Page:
Surgical and Radiologic Anatomy

, Volume 39, Issue 12, pp 1343–1347 | Cite as

The accessory tendon of extensor hallucis longus muscle and its correlation to hallux valgus deformity: a cadaveric study

  • K. Natsis
  • G. A. Konstantinidis
  • P. D. Symeonidis
  • T. Totlis
  • N. Anastasopoulos
  • P. Stavrou
Original Article



The accessory tendon (AT) of the extensor hallucis longus (EHL) is a common anatomic variation, whose clinical significance remains debatable. The purpose of this study was to investigate the incidence and morphology of accessory EHL tendons in cadavers and to examine any possible correlation to the occurrence and severity of hallux valgus (HV) deformity.


We examined any possible correlation between the AT presence and the cadavers’ age and the HV deformity in 98 female adult cadaveric feet. The HV and intermetatarsal (IMA) angles were measured and compared with the relative angle between the primary EHL tendon and AT as well as the length of the AT.


AT was present in 26.5% and HV deformity existed in 36.7% of all feet. There was a high prevalence (65.4%) of HV deformity in feet with AT, but the HV angle and IMA were similar in feet with AT and without AT. No significant correlations were found between AT morphological characteristics and the cadavers’ age or the HV angle and IMA.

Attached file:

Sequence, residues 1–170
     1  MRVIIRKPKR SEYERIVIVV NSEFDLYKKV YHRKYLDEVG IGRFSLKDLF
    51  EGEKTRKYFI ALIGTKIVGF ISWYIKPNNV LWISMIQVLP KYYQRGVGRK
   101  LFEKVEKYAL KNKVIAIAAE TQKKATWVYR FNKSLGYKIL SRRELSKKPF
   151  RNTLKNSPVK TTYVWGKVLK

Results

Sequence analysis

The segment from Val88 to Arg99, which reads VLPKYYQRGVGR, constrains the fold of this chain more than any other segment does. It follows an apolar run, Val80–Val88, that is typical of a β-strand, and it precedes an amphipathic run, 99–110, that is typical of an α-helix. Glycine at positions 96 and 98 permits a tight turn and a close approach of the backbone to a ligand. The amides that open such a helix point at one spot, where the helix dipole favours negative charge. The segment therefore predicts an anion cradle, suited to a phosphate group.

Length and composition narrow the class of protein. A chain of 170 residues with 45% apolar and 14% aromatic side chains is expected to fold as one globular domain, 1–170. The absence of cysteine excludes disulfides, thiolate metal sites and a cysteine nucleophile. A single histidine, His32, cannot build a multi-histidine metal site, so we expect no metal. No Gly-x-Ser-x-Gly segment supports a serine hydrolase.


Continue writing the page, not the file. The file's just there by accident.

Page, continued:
In conclusion, there is a high incidence of HV deformity in cadaveric feet with AT of EHL (almost 2/3), but there is no correlation between the severity of the HV deformity and the presence or characteristics of the AT.


Extensor hallucis longus muscle Accessory tendon Hallux abductovalgus Tendon imbalance Hallux valgus Anatomical variations 


Compliance with ethical standards

Conflict of interest

The authors declare that they have no conflicts of interest.


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Copyright information

© Springer-Verlag France 2017

Authors and Affiliations

  • K. Natsis
    • 1
  • G. A. Konstantinidis
    • 1
    • 2
  • P. D. Symeonidis
    • 3
  • T. Totlis
    • 1
  • N. Anastasopoulos
    • 1
  • P. Stavrou
    • 2
  1. 1.Department of Anatomy and Surgical Anatomy, School of Medicine, Faculty of Health SciencesAristotle University of ThessalonikiMacedoniaGreece
  2. 2.The Adelaide Orthosports ClinicADLAustralia
  3. 3.1st University Orthopaedic Clinic, Faculty of Medicine, School of Health ScienceAristotle University of ThessalonikiMacedoniaGreece

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